|The first excerpt represents the past or something you must release, and is drawn from Reminiscences of Tolstoy by Leo Tolstoy:
fought not only against death, but against old age. Till the last
year of his life he never gave in, but always did everything for
himself and even rode on horseback.
To suppose, therefore, that he had no instinctive fear of
death is out of the question. He had that fear, and in a very
high degree, but he was constantly fighting to overcome it.
Did he succeed?
I can answer definitely yes. During his illness he talked a
great deal of death and prepared himself for it firmly and
deliberately. When he felt that he was getting weaker, he wished
to say good-by to everybody, and he called us all separately to his
|The second excerpt represents the present or the deciding factor of the moment, and is drawn from The Letters of Robert Louis Stevenson by Robert Louis Stevenson:
room fire. I must write no more, for I am sleepy after two nights,
and to quote my book, 'SINON BLANCHES, DU MOINS GRISES'; and so I
must go to bed and faithfully, hoggishly slumber. - Your faithful
ROBERT LOUIS STEVENSON.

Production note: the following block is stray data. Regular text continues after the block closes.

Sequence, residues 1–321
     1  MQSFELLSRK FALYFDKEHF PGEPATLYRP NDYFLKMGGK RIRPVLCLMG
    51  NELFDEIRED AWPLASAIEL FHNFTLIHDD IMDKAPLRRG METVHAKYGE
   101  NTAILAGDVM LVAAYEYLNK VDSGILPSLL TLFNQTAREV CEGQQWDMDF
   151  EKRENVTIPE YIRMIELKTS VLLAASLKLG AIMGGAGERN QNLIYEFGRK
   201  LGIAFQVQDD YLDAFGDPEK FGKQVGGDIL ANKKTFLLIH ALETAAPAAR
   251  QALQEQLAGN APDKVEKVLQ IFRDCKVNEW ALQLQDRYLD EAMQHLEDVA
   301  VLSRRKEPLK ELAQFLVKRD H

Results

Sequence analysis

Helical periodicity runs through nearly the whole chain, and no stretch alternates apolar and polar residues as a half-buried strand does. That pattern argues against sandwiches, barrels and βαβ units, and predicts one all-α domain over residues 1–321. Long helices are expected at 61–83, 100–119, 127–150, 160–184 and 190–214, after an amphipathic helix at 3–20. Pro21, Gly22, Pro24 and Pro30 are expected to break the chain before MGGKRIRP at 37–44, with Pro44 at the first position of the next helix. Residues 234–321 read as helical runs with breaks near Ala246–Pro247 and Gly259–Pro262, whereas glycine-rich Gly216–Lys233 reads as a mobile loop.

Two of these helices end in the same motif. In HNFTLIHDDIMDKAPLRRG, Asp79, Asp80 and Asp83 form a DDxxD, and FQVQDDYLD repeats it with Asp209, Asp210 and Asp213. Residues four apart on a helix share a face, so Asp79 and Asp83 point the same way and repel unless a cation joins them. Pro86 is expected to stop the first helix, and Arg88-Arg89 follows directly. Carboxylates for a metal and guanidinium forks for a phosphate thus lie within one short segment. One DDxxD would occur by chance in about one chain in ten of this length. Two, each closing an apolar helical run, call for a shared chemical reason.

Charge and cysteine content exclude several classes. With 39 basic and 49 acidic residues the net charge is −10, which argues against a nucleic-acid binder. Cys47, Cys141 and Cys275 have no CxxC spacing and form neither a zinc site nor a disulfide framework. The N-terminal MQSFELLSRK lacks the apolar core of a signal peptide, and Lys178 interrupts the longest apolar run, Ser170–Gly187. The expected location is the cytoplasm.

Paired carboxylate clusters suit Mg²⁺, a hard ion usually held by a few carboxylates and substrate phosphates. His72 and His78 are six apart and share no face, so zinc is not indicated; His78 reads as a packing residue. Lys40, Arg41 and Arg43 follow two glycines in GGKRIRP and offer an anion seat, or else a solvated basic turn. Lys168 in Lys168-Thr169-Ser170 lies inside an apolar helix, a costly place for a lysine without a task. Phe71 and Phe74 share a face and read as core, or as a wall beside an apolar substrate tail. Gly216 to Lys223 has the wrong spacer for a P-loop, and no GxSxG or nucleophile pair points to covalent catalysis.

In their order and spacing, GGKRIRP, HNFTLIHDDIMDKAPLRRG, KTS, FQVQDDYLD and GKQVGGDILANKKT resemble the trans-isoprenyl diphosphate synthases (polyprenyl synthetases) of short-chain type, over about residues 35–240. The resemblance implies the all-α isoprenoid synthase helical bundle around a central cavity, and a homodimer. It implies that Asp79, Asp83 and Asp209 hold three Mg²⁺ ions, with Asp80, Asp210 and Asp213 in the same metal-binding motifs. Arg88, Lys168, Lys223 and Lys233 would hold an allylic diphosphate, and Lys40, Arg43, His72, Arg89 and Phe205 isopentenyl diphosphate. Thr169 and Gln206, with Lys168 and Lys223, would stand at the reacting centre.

Letter: TO MRS. THOMAS STEVENSON
MENTONE, NOVEMBER 13, 1873.
MY DEAR MOTHER, - The PLACE is not where I thought; it is about
where the old Post Office was. The Hotel de Londres is no more an
hotel. I have found a charming room in the Hotel du Pavillon, just
across the road from the Prince's Villa; it has one window to the
south and one to the east, with a superb view of Mentone and the
|The third excerpt represents the future or something you must embrace, and is drawn from Travels with a Donkey in the Cevenne by Robert Louis Stevenson:
the streams were bound for the Garonne and the Western Ocean;
before me was the basin of the Rhone. Hence, as from the Lozere,
you can see in clear weather the shining of the Gulf of Lyons; and
perhaps from here the soldiers of Salomon may have watched for the
topsails of Sir Cloudesley Shovel, and the long-promised aid from
England. You may take this ridge as lying in the heart of the
country of the Camisards; four of the five legions camped all round
it and almost within view - Salomon and Joani to the north,
Castanet and Roland to the south; and when Julien had finished his
famous work, the devastation of the High Cevennes, which lasted all
through October and November 1703, and during which four hundred